Democratic Landscape Transformation 2023 - Team 4

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Background of your team

  • Please write a few words about your team.
  • Which linguistic and cultural perspectives are you representing? Which disciplinary backgrounds?

Vachla Theano: I hold a Degree in Architecture of the University of Thessaly, Greece. After my graduation I attended the Laboratory of Scenography and Costume Design at the Greek National Theatre. My area of interest is focused on architecture, scenography and illustration. Since 2018, I have worked in various architecture studios, with different specialization, such as Scenography, Protection, Conservation and Restoration of Cultural Monuments and Buildings. Μy recent absorption is architecture related more with public space, protection of natural landscapes and museology.

Chandni Thadani: I am an architect graduated from SMMCA, India in 2021. During my studies, I attended various seminars and hands-on workshops related to vernacular architecture practices. These workshops basically focus on construction materials that reduce the negative effects of buildings on the environment. I like to integrate architectural elements with nature.

Your Landscape Democracy Manifestoes

Here you can add links to the manifestoes you have presented on April 26

Examples of Landscape Activism

In the session on May 10 you will discuss examples of landscape activism from your own contexts. You can share the examples in this section (link, image and/or short explanation).

  • Vachla Theano - Pilgrimage and Travelogue:
First Poster of the Initiative - Call for Financial Support and Participation to the project.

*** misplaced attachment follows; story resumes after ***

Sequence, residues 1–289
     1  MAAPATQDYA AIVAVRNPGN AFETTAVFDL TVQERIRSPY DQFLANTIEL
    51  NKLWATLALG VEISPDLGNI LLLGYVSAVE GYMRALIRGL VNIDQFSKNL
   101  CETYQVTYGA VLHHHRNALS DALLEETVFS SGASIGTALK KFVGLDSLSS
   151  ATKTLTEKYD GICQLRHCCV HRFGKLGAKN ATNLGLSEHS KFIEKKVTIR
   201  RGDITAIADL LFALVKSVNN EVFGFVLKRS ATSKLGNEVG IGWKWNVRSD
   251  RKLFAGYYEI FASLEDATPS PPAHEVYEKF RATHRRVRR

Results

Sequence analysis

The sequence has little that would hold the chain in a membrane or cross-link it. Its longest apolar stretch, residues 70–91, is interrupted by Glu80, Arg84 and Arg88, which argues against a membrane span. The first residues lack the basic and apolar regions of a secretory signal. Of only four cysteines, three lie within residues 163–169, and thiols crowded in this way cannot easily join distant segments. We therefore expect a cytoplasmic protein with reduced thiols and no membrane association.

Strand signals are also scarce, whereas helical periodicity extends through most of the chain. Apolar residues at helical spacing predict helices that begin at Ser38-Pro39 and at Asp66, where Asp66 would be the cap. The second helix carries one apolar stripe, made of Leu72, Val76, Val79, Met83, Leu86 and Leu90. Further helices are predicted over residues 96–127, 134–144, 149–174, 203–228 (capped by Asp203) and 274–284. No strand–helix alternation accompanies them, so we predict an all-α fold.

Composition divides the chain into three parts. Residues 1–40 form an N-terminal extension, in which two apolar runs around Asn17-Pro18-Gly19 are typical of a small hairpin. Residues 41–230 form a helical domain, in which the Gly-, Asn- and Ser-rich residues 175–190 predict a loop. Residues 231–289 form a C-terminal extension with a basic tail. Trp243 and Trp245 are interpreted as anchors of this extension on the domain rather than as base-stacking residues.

Mount Agrafa - 2020

My example of design activism is a Pilgrimage that took place in 2020, in Greece and It's been such a pleasure to be part of this. The Trekking (314km) was a campaign against the looting of the mountains and of nature and started from Mount Kitheronas on August 21 and ended up in Agrafa Mountains on the 5th of September 2020. It was a symbolic act of protest against the predatory exploitation of common natural resources in the name of “development”, it was a struggle for life itself.

During the last years, more and more wind power lobbies claim for public land, through simplified processes of licensing, without essential installation planning. Participation of citizens is limited to short - time consultations, even during the pandemic period and public holidays. Moreover, residents that react, journalists and the media face mass persecutions. The idea of this initiative was born under the shadow of the pandemic and confinement and was spread by word of mouth. Participants did not know each other at first but through open meetings on a weekly basis, they came closer and managed to organize the travelogue (food supplies, transportation, routes, intersection points of the specific routes with road network, access to potable water, spots for camping). In the trekking took place around 30 people of different age, almost all from Greece. During this, they had the chance to meet local people from the mountain region, share thoughts and exchange ideas and ways of collective action. This was very encouraging both for the participants and mainly for the residents, as the vast majority of the population is elderly people unable to act against the planned installations of wind stations.

The route and the planned installations (site of the Travelogue):

Here you can watch the documentary of the Travelogue with English subtitles: that was produced by the team of this initiative. Additionally, here you can find a link for the 2021 Diary of the Travelogue that was printed after the completion of the project. It includes photographs, information related to the initiative and the biodiversity of the regions that we visited, in order to disseminate the importance and beauty of these areas and allocate the funds to relevant activities or judicial expenses for people that fight for the protection of the natural public land.